Contemporary Family Therapy

, Volume 31, Issue 3, pp 171–176 | Cite as

On Yoda, Trouble, and Transformation: The Cultural Context of Therapy and Supervision

  • Vincent P. WardEmail author
Original Paper


In America, we miss the pivotal role of trouble in transformation, because our pursuit of a painless and trouble-free life aborts the process by which the psyche “gives birth” to change. As therapists, we know better: healing and growth require movement through, rather than avoidance of, troubling symptoms. Meanwhile our culture, in order to avoid facing the trouble of aging, sidelines and segregates our old people, which lets the Elder spirit waiting in each Old One wither from disuse. We do for our clients what Elders would do for the culture, carrying their accumulated weight of hope and despair, joy and sorrow, violence and peace. Eldering and therapy transform that troubling weight into “spiritual ballast,” providing the stable ground people need for the journey through life. So as therapists, we’ve been drafted, ready or not, and without our informed consent, into the role of Cultural Elder. We are midwives during the labor that births new beginnings. The supervisors among us can be seen as providing for apprentice therapists the final experience that initiates them into this crucial cultural role. In contributing to the reweaving of an unraveling world, our profession serves a function and carries a responsibility much broader than that defined by our credentials.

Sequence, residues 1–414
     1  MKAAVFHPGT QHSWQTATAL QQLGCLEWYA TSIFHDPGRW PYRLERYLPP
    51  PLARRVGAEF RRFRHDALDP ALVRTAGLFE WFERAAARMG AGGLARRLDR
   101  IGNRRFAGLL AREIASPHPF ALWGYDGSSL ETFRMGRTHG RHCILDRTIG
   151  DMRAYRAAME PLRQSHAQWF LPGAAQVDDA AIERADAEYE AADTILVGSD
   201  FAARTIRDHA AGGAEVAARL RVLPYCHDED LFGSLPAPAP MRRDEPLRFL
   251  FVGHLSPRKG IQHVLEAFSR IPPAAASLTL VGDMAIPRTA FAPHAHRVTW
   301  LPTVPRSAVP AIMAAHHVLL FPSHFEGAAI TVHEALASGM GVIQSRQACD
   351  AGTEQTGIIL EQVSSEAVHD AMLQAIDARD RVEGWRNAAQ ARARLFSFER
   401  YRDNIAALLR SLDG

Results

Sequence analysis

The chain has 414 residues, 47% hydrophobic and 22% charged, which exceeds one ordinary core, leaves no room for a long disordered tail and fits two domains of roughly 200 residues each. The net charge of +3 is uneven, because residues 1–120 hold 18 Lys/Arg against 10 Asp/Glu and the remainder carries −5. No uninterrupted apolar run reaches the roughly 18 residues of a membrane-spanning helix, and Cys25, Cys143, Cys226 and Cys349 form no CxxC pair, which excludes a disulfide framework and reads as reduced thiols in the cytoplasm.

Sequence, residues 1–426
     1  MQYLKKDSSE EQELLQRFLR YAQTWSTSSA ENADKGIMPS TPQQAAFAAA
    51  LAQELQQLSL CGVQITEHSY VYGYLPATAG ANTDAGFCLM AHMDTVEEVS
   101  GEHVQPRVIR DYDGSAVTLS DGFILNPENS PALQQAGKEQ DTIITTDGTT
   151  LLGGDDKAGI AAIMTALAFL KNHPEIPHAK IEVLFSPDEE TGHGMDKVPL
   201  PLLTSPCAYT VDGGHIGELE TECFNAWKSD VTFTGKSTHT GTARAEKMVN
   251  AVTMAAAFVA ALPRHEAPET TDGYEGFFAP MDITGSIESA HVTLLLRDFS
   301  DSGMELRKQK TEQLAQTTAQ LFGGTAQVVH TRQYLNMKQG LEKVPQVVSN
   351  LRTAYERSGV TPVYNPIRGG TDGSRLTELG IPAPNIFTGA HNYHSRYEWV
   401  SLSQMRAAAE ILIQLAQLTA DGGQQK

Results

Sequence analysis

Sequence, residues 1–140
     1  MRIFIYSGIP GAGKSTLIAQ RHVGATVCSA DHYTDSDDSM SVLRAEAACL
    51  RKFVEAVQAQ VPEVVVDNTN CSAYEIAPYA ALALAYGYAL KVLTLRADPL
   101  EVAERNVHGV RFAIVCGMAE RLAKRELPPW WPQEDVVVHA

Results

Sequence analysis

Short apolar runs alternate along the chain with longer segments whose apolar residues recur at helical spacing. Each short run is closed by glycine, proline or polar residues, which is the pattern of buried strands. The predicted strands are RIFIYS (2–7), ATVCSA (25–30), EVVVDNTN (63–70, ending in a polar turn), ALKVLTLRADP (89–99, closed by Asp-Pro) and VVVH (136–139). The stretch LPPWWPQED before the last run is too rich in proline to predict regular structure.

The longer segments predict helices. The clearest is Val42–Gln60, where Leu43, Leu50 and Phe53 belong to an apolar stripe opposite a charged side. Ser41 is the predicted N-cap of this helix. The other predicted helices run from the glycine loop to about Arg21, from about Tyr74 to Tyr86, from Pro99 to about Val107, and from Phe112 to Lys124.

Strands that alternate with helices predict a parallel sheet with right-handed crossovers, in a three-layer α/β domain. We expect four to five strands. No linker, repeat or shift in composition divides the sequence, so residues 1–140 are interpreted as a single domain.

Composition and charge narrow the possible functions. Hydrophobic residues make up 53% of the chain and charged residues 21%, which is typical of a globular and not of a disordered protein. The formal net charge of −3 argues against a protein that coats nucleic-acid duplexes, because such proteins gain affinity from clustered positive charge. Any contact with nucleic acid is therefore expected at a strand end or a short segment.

Role of trouble in transformation Fear of aging and death Withering of Elder spirit Wisdom Therapist and supervisor as cultural elder 


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Copyright information

© Springer Science+Business Media, LLC 2009

Authors and Affiliations

  1. 1.Columbia Family Guidance Center, PAColumbiaUSA

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